The Gender Equality Movement Essay

1055 words - 4 pages , women are still having to fight mental and physical abuse over their gender, and to break down the impossible standards and boundaries that have been put up for them? Why is it that throughout the world, and most certainly in the Middle East, girls are being raised to aspire to a different life than boys? Why is it that girls are taught to be obedient, demure and be successful in finding a proper husband while boys are taught to be strong, wise and

Analysis Gender Equality and Gender Discrimination

1049 words - 4 pages aspired to become a knight alongside her brothers. She is mocked throughout the story for her “boyish” manner. She is surprisingly encouraged by her father to pursue what she wants regardless of what is seen as socially acceptable behaviour for a girl. Limiting certain people due to a variable out of their control is immoral enough, however the sexism doesn’t cease there. These problems with gender equality include wage gaps, gendercide

Gender Equality In The Workplace

3187 words - 13 pages considered as authentically responsive and respectful of human dignity. However, the struggle for equality is not only limited to gender equality. It also includes discourse regarding race, ethnicity and class (Acker, 2006). This has been the case because it is observed that there is an intersection among these concepts pertinent to the issue of equality (Acker, 2006). In this regard, it has been claimed that the issue of equality does not operate in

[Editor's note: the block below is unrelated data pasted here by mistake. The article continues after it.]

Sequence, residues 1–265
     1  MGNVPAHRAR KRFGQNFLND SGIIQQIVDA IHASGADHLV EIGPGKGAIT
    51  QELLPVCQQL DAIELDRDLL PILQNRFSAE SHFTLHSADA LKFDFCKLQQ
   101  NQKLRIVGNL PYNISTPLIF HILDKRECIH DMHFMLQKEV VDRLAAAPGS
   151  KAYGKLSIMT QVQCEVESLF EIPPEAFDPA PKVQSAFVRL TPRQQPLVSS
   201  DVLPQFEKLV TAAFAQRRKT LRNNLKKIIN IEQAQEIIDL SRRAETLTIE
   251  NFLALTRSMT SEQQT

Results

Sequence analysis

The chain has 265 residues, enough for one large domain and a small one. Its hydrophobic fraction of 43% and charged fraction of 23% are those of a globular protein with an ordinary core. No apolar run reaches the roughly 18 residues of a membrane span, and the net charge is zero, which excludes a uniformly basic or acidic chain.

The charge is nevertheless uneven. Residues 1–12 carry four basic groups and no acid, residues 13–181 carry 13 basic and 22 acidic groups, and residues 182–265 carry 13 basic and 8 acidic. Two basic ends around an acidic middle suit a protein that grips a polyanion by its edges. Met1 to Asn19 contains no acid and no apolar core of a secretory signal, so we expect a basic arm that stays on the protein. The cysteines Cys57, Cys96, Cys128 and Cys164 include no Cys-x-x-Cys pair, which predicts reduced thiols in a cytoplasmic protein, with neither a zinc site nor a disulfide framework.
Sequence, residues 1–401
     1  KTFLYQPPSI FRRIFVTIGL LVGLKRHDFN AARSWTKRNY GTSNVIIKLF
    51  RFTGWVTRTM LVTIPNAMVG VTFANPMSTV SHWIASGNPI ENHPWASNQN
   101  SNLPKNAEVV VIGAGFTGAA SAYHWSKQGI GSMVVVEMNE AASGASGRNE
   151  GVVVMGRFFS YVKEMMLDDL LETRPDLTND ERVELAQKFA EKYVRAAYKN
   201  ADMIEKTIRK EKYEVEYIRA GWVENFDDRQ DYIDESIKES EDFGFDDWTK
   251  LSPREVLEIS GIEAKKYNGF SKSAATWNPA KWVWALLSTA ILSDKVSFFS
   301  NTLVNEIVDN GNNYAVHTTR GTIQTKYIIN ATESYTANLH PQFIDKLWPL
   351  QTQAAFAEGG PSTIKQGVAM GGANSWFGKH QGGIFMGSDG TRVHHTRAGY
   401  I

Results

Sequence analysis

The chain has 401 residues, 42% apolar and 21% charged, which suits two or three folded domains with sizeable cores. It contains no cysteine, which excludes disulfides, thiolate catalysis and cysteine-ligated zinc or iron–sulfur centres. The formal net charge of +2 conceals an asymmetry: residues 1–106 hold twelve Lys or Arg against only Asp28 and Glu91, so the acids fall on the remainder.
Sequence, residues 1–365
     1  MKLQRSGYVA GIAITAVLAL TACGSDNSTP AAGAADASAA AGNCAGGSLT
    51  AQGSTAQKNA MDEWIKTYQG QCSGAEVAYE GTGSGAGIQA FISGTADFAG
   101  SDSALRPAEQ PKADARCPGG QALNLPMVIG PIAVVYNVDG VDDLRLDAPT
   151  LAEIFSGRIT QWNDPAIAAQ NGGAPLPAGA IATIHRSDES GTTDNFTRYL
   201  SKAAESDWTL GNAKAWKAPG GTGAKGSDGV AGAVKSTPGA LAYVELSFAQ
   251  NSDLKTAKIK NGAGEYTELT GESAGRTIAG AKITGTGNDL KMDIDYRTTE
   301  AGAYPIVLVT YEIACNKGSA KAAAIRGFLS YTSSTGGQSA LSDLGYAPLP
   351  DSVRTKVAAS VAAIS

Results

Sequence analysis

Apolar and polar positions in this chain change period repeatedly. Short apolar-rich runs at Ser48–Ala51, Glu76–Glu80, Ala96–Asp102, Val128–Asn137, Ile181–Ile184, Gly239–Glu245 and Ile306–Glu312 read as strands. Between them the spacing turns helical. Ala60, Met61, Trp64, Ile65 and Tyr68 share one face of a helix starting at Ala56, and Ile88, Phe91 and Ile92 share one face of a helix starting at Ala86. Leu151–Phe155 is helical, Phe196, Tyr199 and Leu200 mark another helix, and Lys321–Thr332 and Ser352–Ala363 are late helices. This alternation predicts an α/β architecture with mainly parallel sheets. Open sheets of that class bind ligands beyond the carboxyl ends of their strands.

Gender Equality in Saudi Arabia

872 words - 3 pages inequality in employment is evident, as Saudi women comprise only five percent of the nation’s work force (Purdy 2011), with more than one-half of employed Saudi women holding college degrees in comparison to only 16 percent of Saudi males (Alsaleh 2012). A review of reforms and consideration of gender equality in Saudi Arabia is available through the publication of an English-language Saudi daily newspaper and internet feed called the

Gender Equality in Saudi Arabia

1786 words - 7 pages , and dependence on male relatives (Lichter 2009). A dichotomy exists between the Saudi and Western perceptions of gender equality and the assessment of whether the position of Saudi women parallels those perceptions. An amalgam of interpretations regarding the myths and realities of Saudi females was recently examined through an empirical study conducted by a Saudi male professor of health at the premier Medical University in the Saudi capital

Stronger Gender Equality in G20

899 words - 4 pages Gender equality is a set of actions, attitudes, and assumptions that provide opportunities and create expectations’ (Women's Equity Resource Center." Women's Equity Resource Center. N.p., n.d. Web. 17 Mar. 2014) of individual without gender stereotypes and perceptions. It is not a surprise that the G20, which are a group of twenty finance ministers and Central bank governs designed to unite the twenty largest economies of the world. The purpose

Gender equality in armed combat

638 words - 3 pages Gender equality has been a long standing issue since the 1970's. Women of the time first adopted softer measures of equality via fashion. That's how shoulder pads came into vogue in the first place (women with shoulders as broad as men deserve as much respect was the motivation behind the unfortunate trend which has mercifully faded into oblivion). Time eventually saw women taking an increasingly hard-nosed stand in their quest for equality